World-famous game creations in 48 hours

The Games Institute (GI) Jam at the Univeristy of Waterloo is a tri-annual event, bringing together videogame lovers, programmers, writers, and music and visual artists from within Waterloo and beyond to create workable and innovative digital and tabletop games in a 48-hour weekend. While participants at GI Jam were not required to submit their games to Global Jam, all games created and completed over the Jan. 23-25, GI Jam weekend were eligible to do so. 

This Jam was Waterloo’s fourth Jam and the “best Jam yet,” said John Harris, UW doctorate student and chair of GI Jam. About 70 participants with a variety of academic backgrounds — software engineering, computer science, visual arts, geography, and environmental management — and game-making experience were present, but all had a shared passion for gaming. 

The weekend also coincided with the Global Jam, the world’s largest Game Jam event that in 2014 garnered 488 participating sites (such as the one in Waterloo) from 72 countries. The standard game engine (game-building software) for the weekend was Unity. A 30-day trial of Unity Pro was opened up for the weekend (and is still obtainable from the Unity website at 

From the most experienced programmer to a complete beginner, most of the room found themselves learning Unity from the roots up. With lots of passion, teamwork, two light meals of cheese, cookies and fruits, and the in-between pepperoni pizza, people found themselves learning and using Unity within hours. 

Also included throughout the weekend were tutorials held by Victor Cheung, a doctoral student and award-winning instructor, on basic programming using the free programming language processing, and tutorials on using Unity held via creating a game of <em>Snakes and Ladders</em> by local game developer and designer Mike Brown.

What came out of the weekend were dozens of games of limitless variety and ingenuity &mdash; multiplayer games involving players tied by a scarf, games using controllers, digital and tabletop-integrated games, and even a high-end brick-breaking game using the Oculus Rift and the player&rsquo;s face as a paddle.

&nbsp;GI Jam also features awards: the People&rsquo;s Choice Award, the Game Institute&rsquo;s Imagineawesome award, and the Meeple Syrup award, which is meant to recognize the best hybrid digtal game. This years winners were <em>Joined at the Hip</em>, <em>SNAFU</em>, and <em>Starhub</em>, respectively. The winners walked away with both the award and something to put on their morning toast; each of the awards came with jam or maple syrup.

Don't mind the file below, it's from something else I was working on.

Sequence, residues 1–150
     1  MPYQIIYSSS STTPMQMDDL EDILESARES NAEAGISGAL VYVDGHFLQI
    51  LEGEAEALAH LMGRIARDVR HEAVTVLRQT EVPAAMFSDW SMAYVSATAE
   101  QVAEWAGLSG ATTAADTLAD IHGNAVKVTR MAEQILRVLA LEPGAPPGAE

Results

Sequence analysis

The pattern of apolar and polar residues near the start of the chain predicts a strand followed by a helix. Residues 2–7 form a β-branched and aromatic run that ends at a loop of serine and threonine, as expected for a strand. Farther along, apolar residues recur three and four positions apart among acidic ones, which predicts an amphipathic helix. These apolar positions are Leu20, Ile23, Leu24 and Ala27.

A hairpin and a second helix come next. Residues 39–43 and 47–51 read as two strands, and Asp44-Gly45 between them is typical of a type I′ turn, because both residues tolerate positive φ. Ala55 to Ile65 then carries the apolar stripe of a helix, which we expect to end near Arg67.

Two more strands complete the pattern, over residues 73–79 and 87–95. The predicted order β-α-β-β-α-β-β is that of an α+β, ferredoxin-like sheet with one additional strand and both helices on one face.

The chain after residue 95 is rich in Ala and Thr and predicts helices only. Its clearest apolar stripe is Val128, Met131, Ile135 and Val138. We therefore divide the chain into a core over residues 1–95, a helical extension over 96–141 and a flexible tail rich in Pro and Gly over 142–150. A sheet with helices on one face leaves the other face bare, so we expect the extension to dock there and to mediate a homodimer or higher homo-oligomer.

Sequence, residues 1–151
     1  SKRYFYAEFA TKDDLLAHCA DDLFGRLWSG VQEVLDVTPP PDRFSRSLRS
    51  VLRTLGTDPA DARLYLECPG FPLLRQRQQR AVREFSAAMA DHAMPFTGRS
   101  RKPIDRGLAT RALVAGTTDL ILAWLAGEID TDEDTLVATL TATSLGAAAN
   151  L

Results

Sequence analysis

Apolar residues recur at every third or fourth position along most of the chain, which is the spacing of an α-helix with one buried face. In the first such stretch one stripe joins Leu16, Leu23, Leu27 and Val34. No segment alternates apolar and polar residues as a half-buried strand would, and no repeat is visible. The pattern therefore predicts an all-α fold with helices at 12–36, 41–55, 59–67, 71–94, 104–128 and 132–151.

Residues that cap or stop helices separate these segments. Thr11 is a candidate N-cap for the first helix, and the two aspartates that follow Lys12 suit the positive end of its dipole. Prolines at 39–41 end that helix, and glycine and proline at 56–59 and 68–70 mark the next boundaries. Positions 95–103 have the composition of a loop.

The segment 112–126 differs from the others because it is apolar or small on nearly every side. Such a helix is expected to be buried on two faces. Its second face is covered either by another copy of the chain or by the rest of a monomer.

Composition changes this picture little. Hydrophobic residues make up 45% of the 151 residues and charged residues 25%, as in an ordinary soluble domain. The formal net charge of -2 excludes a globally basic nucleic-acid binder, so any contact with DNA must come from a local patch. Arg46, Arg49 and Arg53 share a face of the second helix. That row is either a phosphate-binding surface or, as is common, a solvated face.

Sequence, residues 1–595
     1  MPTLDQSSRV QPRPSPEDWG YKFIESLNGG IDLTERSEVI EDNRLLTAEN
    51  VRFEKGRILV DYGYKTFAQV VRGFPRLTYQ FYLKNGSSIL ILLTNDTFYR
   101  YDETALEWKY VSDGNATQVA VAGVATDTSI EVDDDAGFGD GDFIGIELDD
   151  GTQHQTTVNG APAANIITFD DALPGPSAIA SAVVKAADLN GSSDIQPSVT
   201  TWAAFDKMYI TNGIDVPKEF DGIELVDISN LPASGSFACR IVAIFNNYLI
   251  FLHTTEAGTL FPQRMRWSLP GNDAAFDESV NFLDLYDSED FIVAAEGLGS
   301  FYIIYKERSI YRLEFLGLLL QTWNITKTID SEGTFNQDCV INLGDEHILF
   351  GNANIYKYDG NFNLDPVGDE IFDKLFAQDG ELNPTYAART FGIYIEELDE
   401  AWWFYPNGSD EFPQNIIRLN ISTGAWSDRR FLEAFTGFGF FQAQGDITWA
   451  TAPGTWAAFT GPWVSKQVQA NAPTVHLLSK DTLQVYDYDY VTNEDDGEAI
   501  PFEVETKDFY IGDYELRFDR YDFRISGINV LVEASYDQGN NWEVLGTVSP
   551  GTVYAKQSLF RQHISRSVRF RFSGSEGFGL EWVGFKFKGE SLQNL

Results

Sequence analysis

Honourable mentions of the weekend included <em>Sumashoot</em>&nbsp; and <em>Smiley No More</em> for sticktoitness, <em>Garden Guardian</em> &mdash; a multiplayer game to plant trees while chopping down the opponent&rsquo;s &mdash; for polish, <em>Aliens</em> for cuteness, and <em>Destiny Drawer</em> &mdash; a single-player, points-driven game of a girl looking for a place to live while jumping upon visual strokes of her creativity, eventually reaching an infinite rainbow of self-discovery &mdash; for story.&nbsp;

Waterloo&rsquo;s Winter 2015 GI Jam and its predecessors would not have existed without&nbsp; Harris who, in addition to being GI Jam&rsquo;s chair, completed his undergraduate degree in mechatronics engineering at UW and is conducting research as part of GI. This jam was Harris&rsquo; last time to chair, and he&nbsp; invites all avid gamers and leaders to apply to be the next chair of future Waterloo game jams.&nbsp;

GI, located in East Campus 1, &ldquo;is a research centre that is open to all games-related research from any and all academic disciplines,&rdquo; said Dr. Neil Randall, director of GI.&nbsp;

According to Randall, the Institute was &ldquo;formally approved by U.S. Senate in June 2011,&rdquo; and its goal is to &ldquo;advance games research in a truly interdisciplinary manner.&rdquo;

&ldquo;We wish in particular to fully explore the concept of &lsquo;games for good,&rsquo; including games for health, education, social interaction, and more &hellip; we also examine games as media, subjecting them to the kinds of deep analysis more typically applied to literature, art, film, television, etc.,&rdquo; Randall said.

GI hosts Play Nights every Thursday at 6 p.m. to try out&nbsp; games made at the Winter 2015 and previous GI Jams, and to hear tutorials and make games with other game enthusiasts. Ladies&rsquo; Game Night is every first Wednesday of the month at 6:30 p.m.

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